The end is near for Friday Fish Dishing. During the weeks of Lent, leading up to Easter, Small Bites has been bringing you many different fish dishes. I jumped on that bandwagon too, creating some fun and interesting dishes with fish. Today I have my take on Sea Bass, Chilean Sea Bass to be exact. I decided I really wanted to “step things up” with this one. I love bringing you simple and easy recipes to create, but every once in a while it’s nice to add a few extra components to impress your guests … but still keeping things simple in the end.
First things first: yes, I did use Chilean sea bass for this recipe. There are a few different types of “sea bass” available. You might see “Giant” or “Striped” before the name, and they are actually sea bass. “Chilean” is technically Patagonian Toothfish. The texture and taste is very similar to sea bass, hence the connection. Sea bass is loaded with great nutrients: not only is it extremely high in protein, but also a great source of Potassium. It’s dense texture lends itself to many different cooking applications, like grilling, poaching and roasting.
When I popped into my favorite fish shop Port Chester Seafood, that is what Lou had available, that day. He also told me up front that it was previously frozen. He knows I’m not a fan of the “previously frozen” fish! However, that is how this particular fish is transported. Similar to octopus, it would just not make the journey otherwise. Reluctantly I said, “ok.” I needed sea bass, and decided that this would be a perfect opportunity to really test the product.
Once I got it home I started raiding the cabinet. Lou suggested I poach it, but what could I use? I’ve never done a tea poach, so I figured, why not try now? I also spotted a jar of Sour Cherry Spread in the cabinet and a plan was taking place. I needed some thing to go with it and knew I had a bunch of beets in my downstairs ‘fridge … the same color as the jam. This is literally my process some times: I look at one ingredients and then I start to pull things together as I see them. It’s wildly creative and so much fun!
More after the jump …
While getting the beets I grabbed the remaining kale I had in a bag, left over from soup I made the day before, and some farro off the pantry shelf. My basic ingredients for the dish: fish, tea, jam, kale, farro and beets. I got the beets going first, using my basic beet recipe. I simply trim them and place in a pot with cold water with 1 tablespoon each of kosher salt and demerara (raw) sugar. This is how I made them (on a much larger scale) at Tarry Lodge. The sugar and salt combo brings out the sweetness of the beets.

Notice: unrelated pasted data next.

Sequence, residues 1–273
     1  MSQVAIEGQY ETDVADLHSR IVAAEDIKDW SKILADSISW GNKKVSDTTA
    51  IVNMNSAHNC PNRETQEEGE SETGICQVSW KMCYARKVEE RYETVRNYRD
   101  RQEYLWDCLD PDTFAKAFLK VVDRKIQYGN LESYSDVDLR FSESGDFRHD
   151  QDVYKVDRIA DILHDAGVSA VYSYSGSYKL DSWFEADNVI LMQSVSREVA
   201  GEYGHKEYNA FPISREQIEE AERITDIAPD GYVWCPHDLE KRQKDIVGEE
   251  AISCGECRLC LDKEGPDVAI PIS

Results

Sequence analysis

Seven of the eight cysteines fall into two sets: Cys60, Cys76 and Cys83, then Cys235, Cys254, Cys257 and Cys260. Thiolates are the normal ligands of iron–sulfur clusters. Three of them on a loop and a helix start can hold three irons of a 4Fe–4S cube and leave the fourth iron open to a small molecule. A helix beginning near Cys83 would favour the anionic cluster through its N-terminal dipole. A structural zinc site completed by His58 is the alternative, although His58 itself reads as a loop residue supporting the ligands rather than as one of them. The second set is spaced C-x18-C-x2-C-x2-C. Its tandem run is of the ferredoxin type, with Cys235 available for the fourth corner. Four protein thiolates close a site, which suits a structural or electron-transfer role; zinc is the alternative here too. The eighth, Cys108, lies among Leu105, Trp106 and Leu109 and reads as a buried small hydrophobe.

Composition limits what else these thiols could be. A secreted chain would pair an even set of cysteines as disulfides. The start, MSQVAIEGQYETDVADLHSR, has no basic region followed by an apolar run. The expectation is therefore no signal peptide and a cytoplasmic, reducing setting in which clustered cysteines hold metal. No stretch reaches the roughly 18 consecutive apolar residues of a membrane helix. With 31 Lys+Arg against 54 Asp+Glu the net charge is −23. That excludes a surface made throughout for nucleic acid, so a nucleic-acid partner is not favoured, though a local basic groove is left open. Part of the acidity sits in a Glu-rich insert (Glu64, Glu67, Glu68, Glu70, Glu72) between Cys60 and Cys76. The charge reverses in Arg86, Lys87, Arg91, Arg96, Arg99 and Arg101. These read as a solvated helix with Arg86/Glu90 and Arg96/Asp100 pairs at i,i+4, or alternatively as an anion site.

Once the are done, remove them from the pot and allow them to cool for about 5 minutes. Very important note: place them on a separate cutting board and use gloves – unless you are ok with having red fingers and a stained cutting board. After peeling them simply slice them or cut in wedges.
While the beets are warm you want to add your dressing. It can be as simple as vinegar and oil. Having a few blood oranges I decided to use them. I “supremed” them, and squeezed the juice from what remained. Along with the juice I used an Orange Balsamic vinegar I got for my birthday from my friend Denise. My vinaigrette combination was 1/4 cup orange juice, 2 tablespoons of balsamic and 1/4 cup of oil, with a couple of pinches of salt and pepper. I used half on the beets and half to dress the kale-farro salad below. Set the orange sections aside for garnish.
In the meantime brew 2 lemon verbena tea bags in 3/4 cup of water. I used Harney and Son Verveine. I’m a huge fan of that brand, and have a wide selection of their flavors. If you are not able to find that locally, just look for lemon verbena. That was my flavor profile.
I steeped the tea for about 5 minutes and then placed it in a medium sauté pan and brought it to a simmer. I poached the fish for about 5 minutes on a low simmer.
Carefully remove the filets to a non-stick platter and topped with the jam. The jam is chunky so you can either puree it a little or just keep it chunky. I liked the rustic look of seeing the whole cherries so I opted to go that route. Either way will work, what you are looking for is the contrast of the tea flavor and cherry combining with the fish. I broiled the filets for just about 5 minutes on low. You only want to finish cooking the fish, not burn the top.
The last part of the dish was the kale and farro salad. While the beets were cooking I made a small pot of farro. Farro is easy to cook, similar to rice. The cook time is just about the same as the beets, 20-25 minutes, maybe a little less. So they can be on at the same time. For the kale I simply pulled the thick rib out and sliced the leaves thin. I sautéed in a little olive oil for 5 minutes, removed from the heat and tossed with the cooked farro. I dressed with the remaining vinaigrette and for a little crunch I added some toasted chopped pecans. I also think if you want to go really simple spinach would be completely perfect here as well. Just toss with the vinaigrette and serve with the beets.
Ultimately you are always looking for flavor, color and texture. So starting with the sea bass as the center of the dish, you can work with a variety of different sides that will be lovely: spinach, chard, broccoli or even asparagus. I would only suggest that you have some type of leafy green for the fish to sit on, along with the vegetable on the side.
I hope you had as much fun as I did with this year’s Friday Fish Dish series. I would also like to wish everyone the happiest of holidays this week and weekend.
For the recipe, visit Lemon Verbena-Sour Cherry Sea Bass with Citrus-Flavored Farro, Kale and Beets.